Supercomputer Simulates Human Brain for One Second

...or 1% of the human brain, anyway
By Kevin Spak,  Newser Staff
Posted Aug 6, 2013 2:35 PM CDT
Supercomputer Simulates Human Brain for One Second

Artificial intelligence can do some amazing things, but can it really replicate actual human brain activity? A group of Japanese researchers say the answer is yes, albeit pretty ponderously. In an experiment run on one of the world's fastest supercomputers, the researchers managed to completely simulate the actions of 1.73 billion virtual nerve cells and 10.4 trillion synapses—or roughly 1% of total brain activity—for an entire second, CNET reports.

Granted, it took 40 real minutes to produce that single virtual second, and even that took a petabyte of main memory, or roughly the memory power of 250,000 regular PCs. But researchers are encouraged by the success. "If petascale computers … are capable of representing 1% of the network of a human brain today, then we know that simulating the whole brain at the level of the individual nerve cell and its synapses will be possible with exascale computers hopefully available within the next decade," the lead researcher says. (More supercomputer stories.)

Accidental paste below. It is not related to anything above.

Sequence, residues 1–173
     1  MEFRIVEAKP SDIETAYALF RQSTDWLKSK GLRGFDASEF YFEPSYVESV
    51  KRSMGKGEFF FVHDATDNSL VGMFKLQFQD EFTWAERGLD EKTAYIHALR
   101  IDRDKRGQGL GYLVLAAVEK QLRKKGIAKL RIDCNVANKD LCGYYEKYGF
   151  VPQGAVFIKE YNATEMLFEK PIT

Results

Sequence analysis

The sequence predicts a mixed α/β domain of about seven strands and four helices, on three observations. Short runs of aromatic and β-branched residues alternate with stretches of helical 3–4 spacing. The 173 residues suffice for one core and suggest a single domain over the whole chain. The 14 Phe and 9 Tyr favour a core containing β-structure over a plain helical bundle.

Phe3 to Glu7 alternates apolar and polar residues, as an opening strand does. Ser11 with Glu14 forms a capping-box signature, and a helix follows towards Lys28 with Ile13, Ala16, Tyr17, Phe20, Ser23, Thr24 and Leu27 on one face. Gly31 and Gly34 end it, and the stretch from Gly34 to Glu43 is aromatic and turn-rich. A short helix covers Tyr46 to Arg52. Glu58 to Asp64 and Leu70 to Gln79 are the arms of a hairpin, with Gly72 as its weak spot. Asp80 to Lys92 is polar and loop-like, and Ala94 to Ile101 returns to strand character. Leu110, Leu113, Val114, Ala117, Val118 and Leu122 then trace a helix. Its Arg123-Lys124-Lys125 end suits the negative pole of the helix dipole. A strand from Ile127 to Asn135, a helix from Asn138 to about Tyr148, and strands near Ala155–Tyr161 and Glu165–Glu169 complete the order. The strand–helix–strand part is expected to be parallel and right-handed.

Get the news faster.
Tap to install our app.
Install the Newser News app
in two easy steps:
1. Tap in your navigation bar.
2. Tap to Add to Home Screen.